<Figure 1-5. JavaScript displays an error message if it detects a problem in the code.>

The Role of the <SCRIPT> Tag

Netscape needs to be told that you're giving it JavaScript instructions, and these instructions are enclosed between <SCRIPT> tags. Within the script tag you can only have valid JavaScript instructions. You can't put HTML tags for Netscape to render inside the <SCRIPT> tags, and you can't put JavaScript instructions outside the <SCRIPT> tags. The following is allowed:

<HTML>
<BODY>
<H1>Here's JavaScript-generated text!</H1>
<SCRIPT>
document.write ("Hello there!");
</SCRIPT>
</BODY>
</HTML>

But these are not allowed:

<!--No script tags around the JavaScript instruction-->
<HTML>
<BODY>
<H1>Here's JavaScript-generated text!</H1>
document.write ("Hello there!");
</BODY>
</HTML>
<!--HTML markup tags inside the script tags -->
<HTML>
<BODY>
<H1>Here's JavaScript-generated text!</H1>
<SCRIPT>
<H1>Here's JavaScript-generated text!</H1>
document.write ("Hello there!");
<P>
</SCRIPT>
</BODY>
</HTML>
There may be other HTML scripting languages in the future, and the <SCRIPT> tag is designed to allow for differentiation in the language used. So, from here on in this book, the first instance of the <SCRIPT> tag in complete JavaScript programs in a document will also include the LANGUAGE="JavaScript" attribute. Example: <SCRIPT LANGUAGE="JavaScript"> Strictly speaking this attribute is optional, but we'll include it for the sake of completeness.

A Realistic Use of JavaScript

Obviously, you don't use JavaScript to insert the text that HTML can otherwise do all by itself. I used the example above because it's simple and demonstrates the basic JavaScript concept of embedded scripts in an HTML page.

JavaScript is ideal for making your Web pages "smart." Here's an example. Suppose you want to change the graphic depending on whether it's day or night. JavaScript has a rich selection of date-oriented functions, one of which returns the current hour, as set by the user's computer. Here's how that basic document uses JavaScript instructions to programmatically select the right GIF for the time of day:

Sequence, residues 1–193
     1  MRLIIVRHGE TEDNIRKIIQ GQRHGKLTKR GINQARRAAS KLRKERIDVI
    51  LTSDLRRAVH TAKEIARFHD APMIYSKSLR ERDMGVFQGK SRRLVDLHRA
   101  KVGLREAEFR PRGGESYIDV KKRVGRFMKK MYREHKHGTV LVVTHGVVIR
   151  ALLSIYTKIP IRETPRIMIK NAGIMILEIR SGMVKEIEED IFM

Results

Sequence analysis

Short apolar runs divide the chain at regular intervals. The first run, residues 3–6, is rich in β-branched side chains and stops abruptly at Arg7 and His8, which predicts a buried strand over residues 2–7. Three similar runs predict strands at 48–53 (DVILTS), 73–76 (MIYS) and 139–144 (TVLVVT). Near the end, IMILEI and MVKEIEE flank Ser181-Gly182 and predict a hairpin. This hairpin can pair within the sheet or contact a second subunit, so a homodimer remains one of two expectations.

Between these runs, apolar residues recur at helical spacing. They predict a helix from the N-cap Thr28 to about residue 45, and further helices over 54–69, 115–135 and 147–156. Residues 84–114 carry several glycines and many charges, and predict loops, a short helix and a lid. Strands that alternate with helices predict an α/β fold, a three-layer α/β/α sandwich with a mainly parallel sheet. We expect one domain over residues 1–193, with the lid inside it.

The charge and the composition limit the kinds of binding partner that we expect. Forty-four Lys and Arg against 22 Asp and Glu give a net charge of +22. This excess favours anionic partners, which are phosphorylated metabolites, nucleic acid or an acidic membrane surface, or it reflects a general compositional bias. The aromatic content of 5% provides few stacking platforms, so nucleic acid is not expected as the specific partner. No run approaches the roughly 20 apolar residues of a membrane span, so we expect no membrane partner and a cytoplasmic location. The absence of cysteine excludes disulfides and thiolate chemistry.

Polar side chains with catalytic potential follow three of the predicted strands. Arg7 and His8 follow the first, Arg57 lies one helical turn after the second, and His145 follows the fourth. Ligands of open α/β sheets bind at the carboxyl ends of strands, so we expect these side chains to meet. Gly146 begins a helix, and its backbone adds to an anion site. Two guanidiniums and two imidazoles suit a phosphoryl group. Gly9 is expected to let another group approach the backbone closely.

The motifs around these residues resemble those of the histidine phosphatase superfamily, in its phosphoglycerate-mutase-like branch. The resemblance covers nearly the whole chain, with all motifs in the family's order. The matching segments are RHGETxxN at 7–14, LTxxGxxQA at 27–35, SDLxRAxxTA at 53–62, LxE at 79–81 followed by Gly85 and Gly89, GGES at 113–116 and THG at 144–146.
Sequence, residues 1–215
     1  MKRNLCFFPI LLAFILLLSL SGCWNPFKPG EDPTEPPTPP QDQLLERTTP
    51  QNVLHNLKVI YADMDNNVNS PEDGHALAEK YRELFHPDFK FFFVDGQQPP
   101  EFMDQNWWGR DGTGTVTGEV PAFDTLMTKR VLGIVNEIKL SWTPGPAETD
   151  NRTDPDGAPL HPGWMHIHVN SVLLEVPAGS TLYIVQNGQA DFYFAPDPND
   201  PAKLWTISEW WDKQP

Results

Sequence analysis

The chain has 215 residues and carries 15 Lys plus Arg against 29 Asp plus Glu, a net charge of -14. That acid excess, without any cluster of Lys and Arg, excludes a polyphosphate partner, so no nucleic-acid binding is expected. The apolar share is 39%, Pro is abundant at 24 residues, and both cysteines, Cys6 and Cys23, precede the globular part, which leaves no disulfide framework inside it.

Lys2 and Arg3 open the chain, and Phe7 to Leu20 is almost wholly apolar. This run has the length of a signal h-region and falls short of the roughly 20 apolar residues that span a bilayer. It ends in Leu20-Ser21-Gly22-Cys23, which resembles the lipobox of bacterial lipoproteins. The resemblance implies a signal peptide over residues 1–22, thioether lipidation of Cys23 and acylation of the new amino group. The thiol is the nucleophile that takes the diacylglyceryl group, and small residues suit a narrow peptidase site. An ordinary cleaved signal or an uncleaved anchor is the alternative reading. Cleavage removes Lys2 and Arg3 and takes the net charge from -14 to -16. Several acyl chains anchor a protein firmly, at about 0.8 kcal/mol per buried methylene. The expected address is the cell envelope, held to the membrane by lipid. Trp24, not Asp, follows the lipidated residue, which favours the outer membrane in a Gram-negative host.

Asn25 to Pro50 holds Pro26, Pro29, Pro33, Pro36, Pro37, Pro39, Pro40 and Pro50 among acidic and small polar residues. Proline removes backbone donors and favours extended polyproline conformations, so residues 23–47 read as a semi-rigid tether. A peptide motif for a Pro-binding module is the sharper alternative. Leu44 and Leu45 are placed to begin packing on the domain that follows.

<HTML>
<HEAD>
<TITLE>This Is a Basic Document</TITLE>
</HEAD>
<BODY>
<H1>This Is a Basic Document</H1>
<P>This is a pretty basic document.  It doesn't have much 
	of anything in it. Just a heading, this text, and 
	a graphic of some line.</P>
<SCRIPT>
now = new Date();
if ((now.getHours() > 5) && (now.getHours()<18))
	document.write ("<IMG SRC='http://mydoamin.com/day.gif'>");
else
	document.write ("<IMG SRC='http://mydomain.com/night.gif'>");
</SCRIPT>
</BODY>
</HTML>

This example uses a JavaScript if statement to determine if the time of day. The if statement does one thing if the expression is true, or does another if the expression is false. If the hour is greater than 5 am, but less than 6pm, it's daylight (see Figure 1-6). So, JavaScript inserts an image (<IMG>) tag using the DAY.GIF image. If the current is not between these hours, it night time, so JavaScript insert the NIGHT.GIF image.

<Figure 1-6. Use JavaScript to conditionally display a n image depending on the of day.>

HTML alone lacks any decision-making, so this example is a perfect job for JavaScript. The page contains the basic HTML tags to render the document, and JavaScript for any tasks that require "thinking."

Viewing JavaScript "Objectively"